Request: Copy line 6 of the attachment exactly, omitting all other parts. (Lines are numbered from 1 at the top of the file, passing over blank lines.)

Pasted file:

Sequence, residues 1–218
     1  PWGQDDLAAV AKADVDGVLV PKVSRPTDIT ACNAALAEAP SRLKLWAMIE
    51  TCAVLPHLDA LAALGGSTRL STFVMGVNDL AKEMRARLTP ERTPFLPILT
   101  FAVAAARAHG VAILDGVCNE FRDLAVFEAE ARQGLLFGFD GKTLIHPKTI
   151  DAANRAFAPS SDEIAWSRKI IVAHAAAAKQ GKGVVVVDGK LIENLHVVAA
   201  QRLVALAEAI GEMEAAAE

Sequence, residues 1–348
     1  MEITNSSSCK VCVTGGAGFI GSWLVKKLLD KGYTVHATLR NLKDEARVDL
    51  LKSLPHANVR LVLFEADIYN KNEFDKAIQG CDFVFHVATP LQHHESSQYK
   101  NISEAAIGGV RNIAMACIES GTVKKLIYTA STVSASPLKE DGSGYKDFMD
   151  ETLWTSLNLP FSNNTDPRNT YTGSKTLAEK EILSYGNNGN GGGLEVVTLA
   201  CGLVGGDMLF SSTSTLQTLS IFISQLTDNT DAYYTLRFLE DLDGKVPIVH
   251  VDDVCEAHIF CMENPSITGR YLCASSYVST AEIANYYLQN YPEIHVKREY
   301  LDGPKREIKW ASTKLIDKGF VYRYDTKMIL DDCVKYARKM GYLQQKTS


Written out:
   201  QRLVALAEAI GEMEAAAE